Associated Builders and Contractors reported today that its Construction Backlog Indicator increased to 8.6 months in December from 8.5 months in November, according to an ABC member survey conducted Dec. 20 to Jan. 4. The reading is down 0.6 months from December 2022.
The South, which remains the region with the lengthiest backlog, posted the largest monthly increase in December. Only the West, which historically reports the lowest backlog of any region, experienced a monthly decline.
ABC’s Construction Confidence Index readings for sales, profit margins and staffing levels increased in December. All three readings remain above the threshold of 50, indicating expectations for growth over the next six months.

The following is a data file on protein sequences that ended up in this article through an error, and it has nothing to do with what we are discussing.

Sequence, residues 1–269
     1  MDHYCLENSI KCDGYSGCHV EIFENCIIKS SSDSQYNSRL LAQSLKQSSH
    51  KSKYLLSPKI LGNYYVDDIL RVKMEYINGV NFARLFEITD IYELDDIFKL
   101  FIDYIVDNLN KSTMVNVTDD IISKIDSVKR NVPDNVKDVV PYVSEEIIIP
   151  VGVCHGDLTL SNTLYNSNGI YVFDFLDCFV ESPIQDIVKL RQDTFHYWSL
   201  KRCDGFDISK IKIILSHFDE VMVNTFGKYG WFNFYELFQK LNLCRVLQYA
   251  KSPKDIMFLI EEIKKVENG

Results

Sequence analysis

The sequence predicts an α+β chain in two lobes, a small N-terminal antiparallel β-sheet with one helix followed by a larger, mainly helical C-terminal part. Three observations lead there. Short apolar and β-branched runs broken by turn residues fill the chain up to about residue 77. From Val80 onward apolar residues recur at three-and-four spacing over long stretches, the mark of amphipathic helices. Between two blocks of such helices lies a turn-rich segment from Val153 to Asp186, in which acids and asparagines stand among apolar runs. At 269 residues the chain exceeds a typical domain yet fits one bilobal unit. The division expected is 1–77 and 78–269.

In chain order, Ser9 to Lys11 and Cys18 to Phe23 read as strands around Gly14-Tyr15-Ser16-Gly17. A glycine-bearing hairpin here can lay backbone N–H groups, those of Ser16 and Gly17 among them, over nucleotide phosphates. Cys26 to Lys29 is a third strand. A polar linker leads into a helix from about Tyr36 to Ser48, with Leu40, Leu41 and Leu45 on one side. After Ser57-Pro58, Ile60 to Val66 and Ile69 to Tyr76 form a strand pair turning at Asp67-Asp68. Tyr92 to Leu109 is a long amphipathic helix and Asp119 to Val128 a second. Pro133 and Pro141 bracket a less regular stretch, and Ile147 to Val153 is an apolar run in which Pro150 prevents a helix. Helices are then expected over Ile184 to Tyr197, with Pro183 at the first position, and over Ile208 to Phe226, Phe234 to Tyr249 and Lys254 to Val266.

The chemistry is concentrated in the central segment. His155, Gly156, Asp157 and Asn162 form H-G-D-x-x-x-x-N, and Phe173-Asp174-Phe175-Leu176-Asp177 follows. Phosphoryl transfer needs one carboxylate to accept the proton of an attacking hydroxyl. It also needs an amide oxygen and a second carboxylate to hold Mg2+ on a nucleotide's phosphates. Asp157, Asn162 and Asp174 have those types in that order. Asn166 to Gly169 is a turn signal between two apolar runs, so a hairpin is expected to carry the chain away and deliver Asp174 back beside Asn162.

“Collectively, contractors experienced an uptick in optimism during the holiday season,” said ABC Chief Economist Anirban Basu. “Credit conditions eased a bit during the last days of 2023 as the Federal Reserve indicated that its next set of moves will be to reduce borrowing costs. That may have rendered project financing a bit easier, translating into both improved backlog and more optimism regarding sales, employment and profit margins for the for the first half of 2024.
“Still, there remains cause for concern,” said Basu. “Recent data indicate that wage pressures persist, which makes it more likely that interest rates, and therefore project financing costs, will remain higher for longer. Geopolitical instability appears to be on the rise, raising the probability of a major conflagration that could further impact supply chains and potentially cause steep increases in certain energy prices.”